Welcome to Vrindavan

After yesterday’s adventurous three-hour car ride from Delhi, we have finally arrived in Vrindavan.

The journey here was overwhelming. Fighting the Delhi traffic, morning smog, people, horns, rubble, trucks, and animals was more difficult than I had anticipated.

The A. C. Bhaktivedanta Swami Prabhupada Gate at the entrance to Vrindavan

Vrindavan is far more peaceful than Delhi. In fact, you feel as if you’re approaching North Carolina’s beaches when you enter the city–vibrant greenery lines the street path and bright advertisements offer elite condos and retirement spots for devotees. Vrindavan, like Delhi, is still impoverished–but perhaps more colorfully so.

Things are simple in Vrindavan. Women sit in small fields (in the middle of the “city”) eagerly pressing together cow manure patties by hand for fuel. Their hard work is visible only by the fingertip impressions left in the patties as they dry in the afternoon sun.

The animals are simple, too. There is a time-tested system of monkeys loitering on high walls and rooftops–eying their next pair of glasses to hold hostage for food. Not far behind theses sneaky ones are guards yelling and shooting pebbles from slingshots. The street dogs and sacred cows stand in the road unassumingly–enjoying the show of man v. monkey.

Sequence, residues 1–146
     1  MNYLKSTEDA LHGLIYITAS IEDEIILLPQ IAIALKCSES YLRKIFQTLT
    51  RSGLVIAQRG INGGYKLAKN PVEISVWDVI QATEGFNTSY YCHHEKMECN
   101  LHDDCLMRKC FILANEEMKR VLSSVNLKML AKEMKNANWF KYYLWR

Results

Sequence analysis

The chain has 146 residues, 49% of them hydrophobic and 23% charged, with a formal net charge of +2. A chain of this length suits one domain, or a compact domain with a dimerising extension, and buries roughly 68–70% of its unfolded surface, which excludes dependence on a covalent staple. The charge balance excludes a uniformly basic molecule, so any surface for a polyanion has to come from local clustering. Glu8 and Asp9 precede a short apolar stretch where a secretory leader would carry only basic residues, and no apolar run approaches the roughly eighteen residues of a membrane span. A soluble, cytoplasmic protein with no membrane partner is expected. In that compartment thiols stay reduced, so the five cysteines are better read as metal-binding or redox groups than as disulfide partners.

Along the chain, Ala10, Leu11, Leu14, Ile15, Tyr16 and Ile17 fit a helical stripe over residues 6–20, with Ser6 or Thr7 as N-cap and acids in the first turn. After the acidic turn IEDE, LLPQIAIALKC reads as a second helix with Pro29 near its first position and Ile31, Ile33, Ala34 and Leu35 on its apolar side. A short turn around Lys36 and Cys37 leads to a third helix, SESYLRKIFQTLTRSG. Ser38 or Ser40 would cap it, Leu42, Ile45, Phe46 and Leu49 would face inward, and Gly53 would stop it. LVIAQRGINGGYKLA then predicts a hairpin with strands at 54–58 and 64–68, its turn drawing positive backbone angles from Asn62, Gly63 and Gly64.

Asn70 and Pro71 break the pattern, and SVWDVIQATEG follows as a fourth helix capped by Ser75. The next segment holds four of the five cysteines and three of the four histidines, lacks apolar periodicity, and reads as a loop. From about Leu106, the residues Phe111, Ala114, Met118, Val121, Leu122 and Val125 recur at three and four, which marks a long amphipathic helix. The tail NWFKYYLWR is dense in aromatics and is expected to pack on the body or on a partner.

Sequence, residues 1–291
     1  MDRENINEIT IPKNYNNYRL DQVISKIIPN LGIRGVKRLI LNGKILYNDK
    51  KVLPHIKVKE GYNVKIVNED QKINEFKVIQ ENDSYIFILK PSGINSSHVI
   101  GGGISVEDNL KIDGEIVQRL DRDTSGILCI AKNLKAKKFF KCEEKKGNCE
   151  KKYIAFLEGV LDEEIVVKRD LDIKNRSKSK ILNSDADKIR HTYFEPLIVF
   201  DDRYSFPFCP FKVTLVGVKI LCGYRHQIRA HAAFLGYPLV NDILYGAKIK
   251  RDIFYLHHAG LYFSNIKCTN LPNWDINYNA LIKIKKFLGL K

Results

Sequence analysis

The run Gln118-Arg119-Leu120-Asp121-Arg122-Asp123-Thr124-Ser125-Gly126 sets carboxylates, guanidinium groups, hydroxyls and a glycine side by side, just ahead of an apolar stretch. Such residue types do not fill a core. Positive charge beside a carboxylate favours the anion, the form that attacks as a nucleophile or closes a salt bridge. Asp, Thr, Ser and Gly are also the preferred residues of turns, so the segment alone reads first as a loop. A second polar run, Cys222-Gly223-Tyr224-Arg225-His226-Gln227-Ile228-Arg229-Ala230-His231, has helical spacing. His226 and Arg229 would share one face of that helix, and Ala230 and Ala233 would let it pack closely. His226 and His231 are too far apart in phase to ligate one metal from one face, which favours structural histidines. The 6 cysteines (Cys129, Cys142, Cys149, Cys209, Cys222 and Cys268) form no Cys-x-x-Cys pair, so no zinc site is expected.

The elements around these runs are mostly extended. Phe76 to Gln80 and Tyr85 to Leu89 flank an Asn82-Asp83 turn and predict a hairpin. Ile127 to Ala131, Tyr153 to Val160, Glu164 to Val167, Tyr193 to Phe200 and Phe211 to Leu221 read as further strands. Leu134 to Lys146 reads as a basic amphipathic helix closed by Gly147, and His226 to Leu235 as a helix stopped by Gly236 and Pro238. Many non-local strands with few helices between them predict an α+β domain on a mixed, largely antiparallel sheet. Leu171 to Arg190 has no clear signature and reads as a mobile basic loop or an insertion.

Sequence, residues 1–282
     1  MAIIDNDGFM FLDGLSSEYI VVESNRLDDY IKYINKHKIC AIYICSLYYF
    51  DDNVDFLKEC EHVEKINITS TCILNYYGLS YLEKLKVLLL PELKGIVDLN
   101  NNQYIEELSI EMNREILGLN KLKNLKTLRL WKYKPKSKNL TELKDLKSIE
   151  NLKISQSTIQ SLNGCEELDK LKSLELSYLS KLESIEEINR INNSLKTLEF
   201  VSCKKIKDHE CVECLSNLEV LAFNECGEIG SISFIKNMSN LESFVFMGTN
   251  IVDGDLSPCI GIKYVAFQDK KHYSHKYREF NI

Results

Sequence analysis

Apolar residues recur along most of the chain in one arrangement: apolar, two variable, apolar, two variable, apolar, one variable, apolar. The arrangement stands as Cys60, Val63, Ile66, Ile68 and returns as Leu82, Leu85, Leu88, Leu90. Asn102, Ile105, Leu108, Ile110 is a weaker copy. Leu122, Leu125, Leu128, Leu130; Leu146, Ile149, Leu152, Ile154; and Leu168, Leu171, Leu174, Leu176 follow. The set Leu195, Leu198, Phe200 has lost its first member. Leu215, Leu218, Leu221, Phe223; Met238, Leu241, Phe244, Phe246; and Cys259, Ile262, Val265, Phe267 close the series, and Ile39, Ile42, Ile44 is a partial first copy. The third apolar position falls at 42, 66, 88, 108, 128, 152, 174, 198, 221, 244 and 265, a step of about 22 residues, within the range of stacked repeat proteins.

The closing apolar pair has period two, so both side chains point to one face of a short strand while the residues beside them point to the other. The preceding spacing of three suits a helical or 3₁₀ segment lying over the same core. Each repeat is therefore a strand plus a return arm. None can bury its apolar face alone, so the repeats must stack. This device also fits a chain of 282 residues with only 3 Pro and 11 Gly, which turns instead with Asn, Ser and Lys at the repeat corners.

A guard at MVT ashram armed with a slingshot to deter aggressive Vrindavan monkeys.

The people are a bit more complex. I ventured out on my first crowded Indian street by foot yesterday at noon. A few minutes in, I became quickly overwhelmed and we had to turn back.  I had made eye contact with a hunched-over widow beggar who reached out to me with her stubs for hands. My eyes filled with tears–and my thoughtful husband realized it was too much, too soon.

There have been more moments like that one here in Vrindavan, where you can encounter Indian life so closely. More on those later.

Nota bene: As I’m typing this, the men outside the Internet cafe are teasing a tribe of 20 rooftop monkeys with green apples and sticks. The man v. monkey game seems to never get old.


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